HISTORIC VICTORY: Immigration & Customs Enforcement Closes Deportation Proceedings Against Henry Velandia

Josh and Henry have led the fight to stop the deportations of spouses of lesbian and gay American citizens

Read our press release here.

Link to this article here.

(Photo: Jonathan Ystad)

San Francisco Chronicle: Jon and Sergio’s Story

Sergio and Jon were the first binational couple to join Stop The Deportations. Jon filed a green card petition for Sergio in July 2010 and almost 11 months later they were interviewed USCIS in San Francisco

No Green Card For My Spouse
Op-Ed published by the San Francisco Chronicle on June 14, 2011

Today my husband, Sergio, and I will report to the U.S. Bureau of Citizenship and Immigration Services to be interviewed for the purpose of determining the legitimacy of our marriage in connection with my petition for his “green card” as my spouse. Unfortunately, despite the historic nature of this interview – the first, to our knowledge, to be conducted for a same-sex couple – it will only be a formality, for we stand no chance of having our case approved.

Once the immigration officer determines that our marital relationship is genuine, our case will be tossed out with a perfunctory denial because our marriage cannot be recognized by the federal government.

The interview occurs 15 years and seven months after we met, moved in together and made a permanent commitment to each other, seven years and four months after our first marriage ceremony was conducted at San Francisco’s City Hall, six years and 10 months after that marriage was invalidated by the California Supreme Court, four years and seven months after we decided to settle temporarily for registering as domestic partners, and two years and nine months after being allowed by the state of California to marry yet again.

Unlike many others preceding us, we experience no trepidation about this interview, for Sergio and I are not merely married, we’re super-married. If we keep going at this rate, we will catch up with Zsa Zsa Gabor, only without all the added fuss of having to repeatedly change partners.

Just one thing impedes my right as an American to sponsor my Brazilian spouse for citizenship, the so-called Defense of Marriage Act, which essentially forces the federal government to discriminate against all legally married lesbian and gay couples in this country. When DOMA was signed into law in 1996, Sergio and I had settled into our first apartment, opened our first joint bank account and were going about the business of establishing a life together. Though Sergio’s legal status was up in the air, we didn’t dwell upon it. Who wants to think about depressing things when there are matters of shared closet space and adopting pets to consider? It would never have occurred to us then that we would one day be legally married and that we would be fighting the federal government for recognition of our marriage so that we could finally resolve Sergio’s immigration status.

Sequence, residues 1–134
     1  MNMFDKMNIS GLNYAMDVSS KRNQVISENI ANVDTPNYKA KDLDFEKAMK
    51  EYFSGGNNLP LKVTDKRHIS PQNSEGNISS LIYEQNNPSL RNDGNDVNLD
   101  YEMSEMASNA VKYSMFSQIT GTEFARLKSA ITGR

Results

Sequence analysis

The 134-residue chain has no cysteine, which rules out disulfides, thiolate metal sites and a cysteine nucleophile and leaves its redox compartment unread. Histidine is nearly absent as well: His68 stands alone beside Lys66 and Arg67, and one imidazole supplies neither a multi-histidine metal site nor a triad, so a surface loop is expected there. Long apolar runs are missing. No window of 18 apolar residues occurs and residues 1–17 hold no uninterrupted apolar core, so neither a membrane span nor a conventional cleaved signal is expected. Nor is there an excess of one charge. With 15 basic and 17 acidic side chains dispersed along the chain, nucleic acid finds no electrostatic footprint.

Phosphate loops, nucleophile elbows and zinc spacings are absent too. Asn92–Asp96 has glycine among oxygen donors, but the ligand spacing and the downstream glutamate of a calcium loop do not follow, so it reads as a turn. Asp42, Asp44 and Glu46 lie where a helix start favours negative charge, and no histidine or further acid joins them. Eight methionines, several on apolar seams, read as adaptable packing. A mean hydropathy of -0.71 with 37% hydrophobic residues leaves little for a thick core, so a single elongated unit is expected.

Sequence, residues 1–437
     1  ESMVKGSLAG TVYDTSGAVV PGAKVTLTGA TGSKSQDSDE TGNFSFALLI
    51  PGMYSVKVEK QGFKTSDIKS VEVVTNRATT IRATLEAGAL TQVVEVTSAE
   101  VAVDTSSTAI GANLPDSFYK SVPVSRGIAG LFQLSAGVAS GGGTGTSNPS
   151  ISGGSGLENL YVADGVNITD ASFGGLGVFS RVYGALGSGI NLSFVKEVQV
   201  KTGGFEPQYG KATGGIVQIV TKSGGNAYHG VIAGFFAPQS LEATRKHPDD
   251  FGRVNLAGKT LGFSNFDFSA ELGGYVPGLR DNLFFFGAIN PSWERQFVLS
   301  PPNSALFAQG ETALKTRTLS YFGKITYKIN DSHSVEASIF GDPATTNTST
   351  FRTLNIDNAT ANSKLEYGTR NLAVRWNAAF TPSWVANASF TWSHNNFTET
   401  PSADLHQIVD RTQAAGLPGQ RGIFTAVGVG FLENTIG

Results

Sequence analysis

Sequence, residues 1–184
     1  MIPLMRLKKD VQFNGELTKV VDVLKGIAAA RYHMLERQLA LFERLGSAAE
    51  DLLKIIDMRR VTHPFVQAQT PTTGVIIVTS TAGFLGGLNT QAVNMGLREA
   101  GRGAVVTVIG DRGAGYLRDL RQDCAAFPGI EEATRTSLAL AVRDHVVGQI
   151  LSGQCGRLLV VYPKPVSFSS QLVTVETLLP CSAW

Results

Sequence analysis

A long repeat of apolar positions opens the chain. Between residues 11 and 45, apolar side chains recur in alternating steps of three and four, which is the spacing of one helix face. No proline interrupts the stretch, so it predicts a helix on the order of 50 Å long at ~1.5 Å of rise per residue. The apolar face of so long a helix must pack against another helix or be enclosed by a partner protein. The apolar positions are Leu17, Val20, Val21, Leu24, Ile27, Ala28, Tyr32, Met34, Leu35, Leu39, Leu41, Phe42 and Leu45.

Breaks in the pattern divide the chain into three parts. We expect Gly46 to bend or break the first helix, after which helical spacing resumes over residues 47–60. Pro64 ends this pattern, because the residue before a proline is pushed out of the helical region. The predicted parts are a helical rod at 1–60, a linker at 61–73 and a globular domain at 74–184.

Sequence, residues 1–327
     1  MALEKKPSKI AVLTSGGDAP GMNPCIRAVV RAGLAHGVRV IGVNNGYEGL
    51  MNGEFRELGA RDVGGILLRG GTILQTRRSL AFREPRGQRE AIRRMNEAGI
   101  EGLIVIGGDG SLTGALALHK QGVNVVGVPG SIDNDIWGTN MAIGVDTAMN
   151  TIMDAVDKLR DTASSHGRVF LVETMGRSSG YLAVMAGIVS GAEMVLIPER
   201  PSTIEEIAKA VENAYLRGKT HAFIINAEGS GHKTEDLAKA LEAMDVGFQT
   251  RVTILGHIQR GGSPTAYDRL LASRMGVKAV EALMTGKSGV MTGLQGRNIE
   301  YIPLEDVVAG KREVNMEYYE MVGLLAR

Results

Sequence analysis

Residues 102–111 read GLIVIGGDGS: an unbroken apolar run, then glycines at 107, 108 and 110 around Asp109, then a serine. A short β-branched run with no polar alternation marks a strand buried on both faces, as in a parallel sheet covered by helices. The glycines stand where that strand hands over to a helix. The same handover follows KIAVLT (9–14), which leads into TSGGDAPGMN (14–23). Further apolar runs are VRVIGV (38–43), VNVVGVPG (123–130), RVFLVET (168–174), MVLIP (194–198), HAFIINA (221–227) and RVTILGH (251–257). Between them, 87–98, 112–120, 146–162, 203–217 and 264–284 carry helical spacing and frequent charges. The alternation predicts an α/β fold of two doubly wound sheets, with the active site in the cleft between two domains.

A lot has changed over the years. Some people have always objected to the legal recognition of my marriage and, while some still do, I won’t debate it with them because my mind’s pretty well closed on the subject.

I’m from Rhode Island, see, and I stand with the 17th century theologian and founder of the Rhode Island colony, Roger Williams, on this one:

“Enforced uniformity confounds civil and religious liberty and denies the principles of Christianity and civility.”

Nowadays, more people are seeing things Williams’ way than aren’t. Which leads me to wonder: If the purpose of enshrining discrimination in federal law was to defend society’s definition of marriage at a time when only 25 percent of Americans favored marriage equality for same-sex couples, then why, when polls now consistently indicate that the majority of Americans support it, is DOMA still the law of the land?